I thank you for taking the time to read this blog post. I can guaranty 2 things to each of you. First, we will establish this endowed scholarship! Second, Michael is looking down on all of us, touched by our willingness to memorialize what he did out of love.
You will find a quick link to Bucknell’s donation portal with instructions below. (Bucknell’s Donation Portal) Once you click the link above, select “Other” under the fund drop down. Under designation enter “Michael Moohr Memorial”
For those of you who are Facebook members, check out Birders Who Blog, Tweet and Chirp. They are organizing a bird walk starting in Wilton, CT in 2 weeks. You can find out more information here: BwBTC.
I have followed their page for a while and the people involved seem to be really nice, friendly and helpful birders. I have learned a lot from them. I hope to see you there and look forward to making some new friends!
Image captured on Nikon D700 w/600mm f/4 and Tce 1.4-II on Lexar Digital Film
A group of Black Capped Chickadees has moved into the neighborhood. I was entertained by watching these birds at my feeders for several hours late Saturday afternoon. I had some opportunities to make clicks that I think truly show off this birds beauty. I hope you agree ;-).
I think the above image would be a great image except for one thing. Its too centered in the frame. You can probably tell I was having trouble keeping the branch lined up in a way that the fall colors made for a nice background. But alas, it caused me to leave my subject centered in the frame and made what could have been a great shot, based on the light, into just a good image.
I always try to avoid “butt” shots. No one likes those. But I had to photograph the back of this bird. Look at how intricate and delicate the feather patterns are.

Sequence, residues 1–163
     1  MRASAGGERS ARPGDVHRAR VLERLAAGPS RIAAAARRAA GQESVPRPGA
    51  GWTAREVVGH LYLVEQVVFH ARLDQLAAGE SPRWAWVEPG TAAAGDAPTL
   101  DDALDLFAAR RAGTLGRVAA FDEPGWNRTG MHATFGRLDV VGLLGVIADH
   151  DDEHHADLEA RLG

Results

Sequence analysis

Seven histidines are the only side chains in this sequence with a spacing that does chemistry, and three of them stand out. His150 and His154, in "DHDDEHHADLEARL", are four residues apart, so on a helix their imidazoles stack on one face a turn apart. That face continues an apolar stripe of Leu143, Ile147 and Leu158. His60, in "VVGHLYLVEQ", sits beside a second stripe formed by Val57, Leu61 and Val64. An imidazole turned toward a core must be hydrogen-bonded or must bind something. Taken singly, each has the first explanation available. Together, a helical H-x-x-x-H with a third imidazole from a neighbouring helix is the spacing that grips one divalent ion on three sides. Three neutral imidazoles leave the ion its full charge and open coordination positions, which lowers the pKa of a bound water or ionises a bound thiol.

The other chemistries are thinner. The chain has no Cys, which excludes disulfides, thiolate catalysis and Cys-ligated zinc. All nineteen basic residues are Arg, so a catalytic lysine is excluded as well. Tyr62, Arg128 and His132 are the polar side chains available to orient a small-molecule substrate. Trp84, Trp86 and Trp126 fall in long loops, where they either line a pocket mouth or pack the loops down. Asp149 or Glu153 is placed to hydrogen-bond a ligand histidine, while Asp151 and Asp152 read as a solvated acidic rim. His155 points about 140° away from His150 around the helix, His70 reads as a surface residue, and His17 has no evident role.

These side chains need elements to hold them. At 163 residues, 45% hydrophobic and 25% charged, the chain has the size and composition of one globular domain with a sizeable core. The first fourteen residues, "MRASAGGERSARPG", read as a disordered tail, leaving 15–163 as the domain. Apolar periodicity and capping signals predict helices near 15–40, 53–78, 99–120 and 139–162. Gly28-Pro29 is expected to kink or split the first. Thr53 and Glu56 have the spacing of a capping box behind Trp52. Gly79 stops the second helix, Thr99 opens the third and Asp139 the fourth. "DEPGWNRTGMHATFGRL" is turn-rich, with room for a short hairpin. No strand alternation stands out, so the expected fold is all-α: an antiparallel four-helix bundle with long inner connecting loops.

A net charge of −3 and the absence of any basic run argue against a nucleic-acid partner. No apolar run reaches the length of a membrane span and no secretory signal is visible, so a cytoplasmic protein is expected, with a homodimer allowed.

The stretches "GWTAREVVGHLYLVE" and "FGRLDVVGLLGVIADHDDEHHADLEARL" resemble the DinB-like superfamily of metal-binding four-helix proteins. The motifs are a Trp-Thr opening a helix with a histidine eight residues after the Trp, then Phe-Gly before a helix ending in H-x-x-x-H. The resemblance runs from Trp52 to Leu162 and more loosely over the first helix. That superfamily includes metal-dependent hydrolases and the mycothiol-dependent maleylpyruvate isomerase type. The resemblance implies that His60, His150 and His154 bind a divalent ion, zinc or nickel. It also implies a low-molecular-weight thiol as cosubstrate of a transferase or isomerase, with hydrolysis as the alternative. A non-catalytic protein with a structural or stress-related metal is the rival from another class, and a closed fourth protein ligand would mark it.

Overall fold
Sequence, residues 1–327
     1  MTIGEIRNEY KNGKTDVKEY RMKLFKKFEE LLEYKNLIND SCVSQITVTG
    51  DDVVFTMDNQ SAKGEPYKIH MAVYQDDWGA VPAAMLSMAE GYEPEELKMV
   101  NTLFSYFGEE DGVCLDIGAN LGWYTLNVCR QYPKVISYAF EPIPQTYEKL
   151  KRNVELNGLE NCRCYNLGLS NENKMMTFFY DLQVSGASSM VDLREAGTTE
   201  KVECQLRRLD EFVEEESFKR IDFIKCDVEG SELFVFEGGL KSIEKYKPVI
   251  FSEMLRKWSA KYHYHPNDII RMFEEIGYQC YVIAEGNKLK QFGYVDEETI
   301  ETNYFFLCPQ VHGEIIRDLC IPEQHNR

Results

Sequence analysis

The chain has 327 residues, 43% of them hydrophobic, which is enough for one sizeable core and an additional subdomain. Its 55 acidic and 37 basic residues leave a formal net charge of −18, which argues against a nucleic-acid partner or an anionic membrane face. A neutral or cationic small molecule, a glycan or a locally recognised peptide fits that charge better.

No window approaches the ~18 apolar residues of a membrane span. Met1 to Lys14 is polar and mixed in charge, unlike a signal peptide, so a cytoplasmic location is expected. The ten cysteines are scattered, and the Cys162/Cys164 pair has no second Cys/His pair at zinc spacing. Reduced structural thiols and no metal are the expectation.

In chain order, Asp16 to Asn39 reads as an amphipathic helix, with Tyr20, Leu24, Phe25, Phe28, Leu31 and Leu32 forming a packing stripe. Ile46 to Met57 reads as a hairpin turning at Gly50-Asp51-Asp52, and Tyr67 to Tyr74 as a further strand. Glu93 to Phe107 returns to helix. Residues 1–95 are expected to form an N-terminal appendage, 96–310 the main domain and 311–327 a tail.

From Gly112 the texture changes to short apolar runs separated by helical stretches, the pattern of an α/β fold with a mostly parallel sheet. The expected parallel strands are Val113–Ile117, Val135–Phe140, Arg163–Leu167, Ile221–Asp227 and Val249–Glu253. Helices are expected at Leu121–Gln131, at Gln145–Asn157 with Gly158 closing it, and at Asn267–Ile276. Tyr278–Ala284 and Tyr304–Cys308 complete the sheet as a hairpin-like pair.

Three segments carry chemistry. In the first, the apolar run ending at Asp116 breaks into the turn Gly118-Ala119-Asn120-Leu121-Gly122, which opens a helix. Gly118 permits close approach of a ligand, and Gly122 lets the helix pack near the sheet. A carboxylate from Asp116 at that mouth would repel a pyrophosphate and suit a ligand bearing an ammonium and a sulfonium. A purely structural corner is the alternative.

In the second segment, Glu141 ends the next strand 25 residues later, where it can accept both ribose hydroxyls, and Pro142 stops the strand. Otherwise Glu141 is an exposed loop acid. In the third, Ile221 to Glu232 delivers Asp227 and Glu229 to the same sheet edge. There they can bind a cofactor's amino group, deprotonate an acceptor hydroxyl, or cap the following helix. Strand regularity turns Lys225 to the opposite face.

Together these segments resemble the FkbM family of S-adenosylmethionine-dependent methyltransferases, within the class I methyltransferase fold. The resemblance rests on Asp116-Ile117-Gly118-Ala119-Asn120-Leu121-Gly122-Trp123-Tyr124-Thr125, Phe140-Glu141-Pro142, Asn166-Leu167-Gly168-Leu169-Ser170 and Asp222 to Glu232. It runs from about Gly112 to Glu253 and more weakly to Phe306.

I really like the gesture in this bird, right before it was about to call.
Images captured with Nikon D700 w/600mm f/4 and Tce 1.4-II on Lexar Digital Film
As I mentioned the other day, we thoroughly enjoyed visiting Dubrovnik.
Fort Bokar is the major strucutre of walls and towers that protected the city. This complex structure, considered the largest and most complete in Europe, protected the freedom and safety of its inhabitants for five centuries.
Portions of the walls and Forts that make up the city date back to 1319 and were mostly built by the citizens of that time. In 1979, the old city of Dubrovnik, which includes a substantial portion of the old walls of Dubrovnik, joined the UNESCO list of World Heritage Sites. I stronly encourage anyone traveling to the area to visit Dubrovnik and some of the surrounding towns. You will be glad you did!
Hopefully I will find some time to sort through the images from the local cities and do a blog post on them!
Images captured by Nikon D700 w/ 24-120 VR I on Lexar Digital Film
Well, it has been slow, but none the less some of the birds have been returning to the feeders in the yard. One of the first back was the Black Capped Chickadee. There was also a pair of White Breasted Nuthatches.
A few Tufted Titmouse’ also were around. Its interesting to see the subdued colors of the birds as they approach winter.
Yeah, the flat yucky light doesn’t help either. Just the same, I was happy to see some activity again. Im looking forward to see how my new feeding setups work during the winter months!
My backyard has been bare. Occasionally I see a House Finch, Cardinal or Downy Woodpecker. But my yard used to be full of them including about 6 American Goldfinches. I have not seen one of the Gold Finches since Irene came through.
The only birds I have are Crows and Mourning Doves. One theory I have as to why the feeders have been empty of the more preferred birds is that the Crows and Mourning Doves might be crowding the smaller birds out. To take care of this problem, I switched to Safflower seed this weekend. Safflower seed is high in protein and great for song birds getting fat for winter….but the black birds and Mourning Doves don’t like it. So far, it has made a difference with the Crows and Doves, but still no song birds.
My other theory is that a family of Red Tailed Hawks has still been chasing squirrels and Crows in the yard and I am wondering if the smaller birds have kept away while we have this much hawk activity. It has been very interesting watching the hawks attack the bigger Crows.
I will let you know what happens over the next few weeks. I even traveled this weekend to some of the places where I am usually lucky finding shorebirds, but not much luck. I’m sure I will get some emails about the bounty of hawks and other birds around Connecticut. The birding blogs I read are heavy with sightings. But you have to remember, I am a photographer and birder. Seeing a bird and being close enough to photograph a bird are two very different things ;-).